Tuesday 15th November 2022 Unveiling the Dark Universe with the Dark Energy Survey

The Caroline Herschel Prize Lecture 2022

7.00 pm Tuesday 15th November 2022 at the 10E 0.17 Lecture Theatre, University of Bath and online via Zoom

Dr Alexandra Amon
University of Cambridge

Dr Amon uses observational data for over 100 million galaxies and a technique called ‘gravitational lensing’ in order to test the Standard Cosmological Model. The intriguing results she and her collaborators find hint at cracks in the currently accepted model for our Universe, which is mostly dark, with over 95 percent of it in the form of dark energy and dark matter, whose natures are the biggest mysteries in modern physics.

In her Caroline Herschel Prize Lecture entitled “Unveiling the Dark Universe with the Dark Energy Survey”, Dr Amon will describe some of the mind-blowing historical moments leading to the paradigm-change, the challenges in the field, the Dark Energy Survey and its results, including the experimental process – from nights at the remote telescope to hurdles in the data analysis. The conclusions will guide the audience to appreciate current mysteries and future directions.

Dr Amon is an expert in cosmology and a Senior Kavli Fellow at the Institute for Cosmology at the University of Cambridge. Before this, she was a Fellow at Stanford University and the SLAC National Accelerator Laboratory. She obtained her Masters degree and PhD at the University of Edinburgh in 2018 and has numerous awards, such as the Michael Penston Thesis Prize/Fermilab Tollestrup Award. Dr Amon is co-coordinator of the Weak Lensing group of the worldwide collaboration “The Dark Energy Survey”, including over 100 members.

the video of Alex Amon’s lecture is now available on Youtube, here.

Friday 4th November 2022 Views of the Universe with the NASA Chandra X-ray Observatory’s Sharp Eyes

Image (of the Chandra X-ray Observatory) credit: (c) CXC/SAO/NASA

Friday 4 November 2022 7.30 pm BRLSI in-person and Zoom lecture

Professor Belinda Wilkes
University of Bristol

NASA’s Chandra X-ray Observatory was launched on 23 July 1999 by the Space Shuttle Columbia. Now in its 23rd year of operations, Chandra continues to be an indispensable tool for expanding the frontiers of knowledge throughout astrophysics. Chandra’s uniquely high (subarcsec) spatial, and spectral resolution have facilitated the deepest and sharpest images of the X-ray sky to date, resulting in changing paradigms in multiple celestial source types. Combining the X-ray data with that from optical, infrared, and radio telescopes gives us an even deeper understanding of each source. I will review Chandra’s unique capabilities, and take us on a tour of some of the most spectacular discoveries across the whole range of celestial sources. These include the birth and death of stars, super-massive black holes, active galaxies, clusters of galaxies, dark matter, merging neutron stars, and more.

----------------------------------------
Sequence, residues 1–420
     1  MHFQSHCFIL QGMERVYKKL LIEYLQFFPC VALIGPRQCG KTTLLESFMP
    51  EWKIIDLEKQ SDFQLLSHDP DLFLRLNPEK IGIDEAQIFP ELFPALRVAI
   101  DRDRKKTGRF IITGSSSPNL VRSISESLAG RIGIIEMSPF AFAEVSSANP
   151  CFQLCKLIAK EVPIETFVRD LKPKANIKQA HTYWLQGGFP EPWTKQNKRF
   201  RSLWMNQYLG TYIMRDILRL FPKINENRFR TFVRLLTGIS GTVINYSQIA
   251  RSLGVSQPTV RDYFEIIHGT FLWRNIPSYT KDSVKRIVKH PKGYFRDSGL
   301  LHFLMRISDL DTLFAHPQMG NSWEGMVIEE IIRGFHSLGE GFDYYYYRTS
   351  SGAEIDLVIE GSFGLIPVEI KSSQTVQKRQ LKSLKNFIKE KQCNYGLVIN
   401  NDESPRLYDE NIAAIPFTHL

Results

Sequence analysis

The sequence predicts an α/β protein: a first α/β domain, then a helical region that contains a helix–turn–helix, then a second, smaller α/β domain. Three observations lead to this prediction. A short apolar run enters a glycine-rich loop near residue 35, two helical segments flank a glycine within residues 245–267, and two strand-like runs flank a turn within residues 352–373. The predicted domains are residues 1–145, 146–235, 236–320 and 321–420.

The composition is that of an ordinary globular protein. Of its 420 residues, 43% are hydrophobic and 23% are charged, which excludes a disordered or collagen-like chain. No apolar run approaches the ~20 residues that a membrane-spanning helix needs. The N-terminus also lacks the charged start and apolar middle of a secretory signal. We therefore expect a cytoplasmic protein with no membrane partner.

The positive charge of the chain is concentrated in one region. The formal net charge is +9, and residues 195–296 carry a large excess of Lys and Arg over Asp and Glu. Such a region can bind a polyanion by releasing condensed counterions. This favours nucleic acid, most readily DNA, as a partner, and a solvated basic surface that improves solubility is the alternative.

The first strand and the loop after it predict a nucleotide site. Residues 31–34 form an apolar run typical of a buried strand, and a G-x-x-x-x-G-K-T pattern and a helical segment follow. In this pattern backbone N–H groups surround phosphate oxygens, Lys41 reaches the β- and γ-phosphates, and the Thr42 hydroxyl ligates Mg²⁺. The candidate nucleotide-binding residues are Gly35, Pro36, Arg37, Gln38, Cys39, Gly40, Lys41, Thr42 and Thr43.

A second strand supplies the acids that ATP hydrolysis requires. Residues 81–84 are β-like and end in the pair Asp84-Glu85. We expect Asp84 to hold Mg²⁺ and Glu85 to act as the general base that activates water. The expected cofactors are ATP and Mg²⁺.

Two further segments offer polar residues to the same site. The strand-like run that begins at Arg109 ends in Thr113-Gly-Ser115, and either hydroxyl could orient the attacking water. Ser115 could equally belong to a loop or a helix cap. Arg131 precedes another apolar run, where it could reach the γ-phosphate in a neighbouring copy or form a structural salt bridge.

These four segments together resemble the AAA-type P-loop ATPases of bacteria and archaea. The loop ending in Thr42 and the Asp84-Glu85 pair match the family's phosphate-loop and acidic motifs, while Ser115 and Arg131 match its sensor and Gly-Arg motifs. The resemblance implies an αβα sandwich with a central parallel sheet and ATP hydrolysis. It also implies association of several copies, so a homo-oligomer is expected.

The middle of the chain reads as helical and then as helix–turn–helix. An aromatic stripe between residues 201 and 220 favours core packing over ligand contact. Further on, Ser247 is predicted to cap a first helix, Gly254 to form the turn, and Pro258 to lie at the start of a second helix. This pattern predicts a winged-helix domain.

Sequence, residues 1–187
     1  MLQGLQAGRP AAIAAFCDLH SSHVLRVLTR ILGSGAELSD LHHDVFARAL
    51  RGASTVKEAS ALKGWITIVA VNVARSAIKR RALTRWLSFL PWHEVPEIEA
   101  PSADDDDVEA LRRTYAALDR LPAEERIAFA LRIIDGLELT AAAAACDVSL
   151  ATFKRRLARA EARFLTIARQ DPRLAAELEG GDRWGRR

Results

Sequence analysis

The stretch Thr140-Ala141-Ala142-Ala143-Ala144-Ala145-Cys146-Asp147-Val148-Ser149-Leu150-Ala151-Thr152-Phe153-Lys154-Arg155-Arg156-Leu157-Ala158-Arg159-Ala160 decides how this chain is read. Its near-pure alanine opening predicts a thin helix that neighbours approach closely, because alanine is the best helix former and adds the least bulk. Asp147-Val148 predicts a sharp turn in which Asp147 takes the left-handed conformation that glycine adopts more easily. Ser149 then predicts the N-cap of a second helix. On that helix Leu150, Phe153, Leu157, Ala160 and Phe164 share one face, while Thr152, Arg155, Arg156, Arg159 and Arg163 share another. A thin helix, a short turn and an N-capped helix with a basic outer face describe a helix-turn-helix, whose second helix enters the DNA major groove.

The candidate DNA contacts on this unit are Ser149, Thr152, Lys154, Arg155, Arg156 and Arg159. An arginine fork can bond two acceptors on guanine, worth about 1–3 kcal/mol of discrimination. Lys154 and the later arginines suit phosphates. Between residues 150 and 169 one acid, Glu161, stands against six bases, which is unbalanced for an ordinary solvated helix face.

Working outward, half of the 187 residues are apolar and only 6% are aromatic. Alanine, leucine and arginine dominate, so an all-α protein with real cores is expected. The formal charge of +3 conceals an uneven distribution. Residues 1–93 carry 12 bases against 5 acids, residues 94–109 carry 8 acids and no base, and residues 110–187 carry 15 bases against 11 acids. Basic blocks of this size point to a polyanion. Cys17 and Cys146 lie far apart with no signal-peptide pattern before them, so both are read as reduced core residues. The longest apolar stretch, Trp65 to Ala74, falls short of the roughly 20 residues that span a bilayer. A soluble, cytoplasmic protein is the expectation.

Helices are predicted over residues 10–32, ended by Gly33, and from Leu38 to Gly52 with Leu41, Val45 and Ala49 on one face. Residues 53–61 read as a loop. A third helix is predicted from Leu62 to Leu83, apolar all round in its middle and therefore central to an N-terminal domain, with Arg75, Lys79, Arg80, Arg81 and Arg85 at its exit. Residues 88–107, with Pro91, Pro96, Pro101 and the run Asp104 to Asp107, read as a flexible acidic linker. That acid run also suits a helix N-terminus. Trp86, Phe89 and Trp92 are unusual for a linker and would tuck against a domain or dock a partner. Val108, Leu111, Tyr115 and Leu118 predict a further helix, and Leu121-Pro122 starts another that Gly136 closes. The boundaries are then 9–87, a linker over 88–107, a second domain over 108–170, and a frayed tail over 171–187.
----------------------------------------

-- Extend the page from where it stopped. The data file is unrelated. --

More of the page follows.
Professor Belinda Wilkes is a Royal Society Wolfson Visiting Fellow at the School of Physics, University of Bristol. She recently retired as a Senior Astrophysicist at the Center for Astrophysics | Harvard & Smithsonian (CfA) (Cambridge, MA, USA), where she served as Director of the Chandra X-ray Center, which operates NASA’s Chandra X-ray Observatory, from 2014-2020.
Wilkes received her BSc (Hons) in Astronomy and Physics from St. Andrews University, Scotland in 1978 and her PhD in Astronomy from Jesus College, University of Cambridge, England in 1982. She spent two years as a NATO postdoctoral fellow at the University of Arizona’s Steward Observatory, and moved to CfA’s High Energy Astrophysics Division in 1984. She is a Fellow of the Royal Astronomical Society, American Astronomical Society, American Physical Society, American Association for the Advancement of Science, and Cambridge Philosophical Society, and a member of the International Astronomical Union, and the European Astronomical Society. She has received numerous awards, including the NASA Outstanding Public Leadership Medal, 5 NASA Group Achievement Awards, and a NASA MSFC Director’s Commendation, and many Smithsonian Institution Exceptional Accomplishment Awards. In 2018 she was elected an Honorary Fellow of Jesus College, Cambridge University.
Wilkes’ research involves X-ray and multi-wavelength studies of active galaxies: super-massive black holes in galaxy nuclei. She is author and co-author of over 490 science publications, including 170 refereed papers, two books, several book chapters, and multiple articles and interviews in the public media.

the video recording of this lecture is now freely available on the Virtual BRLSI YouTube channel here.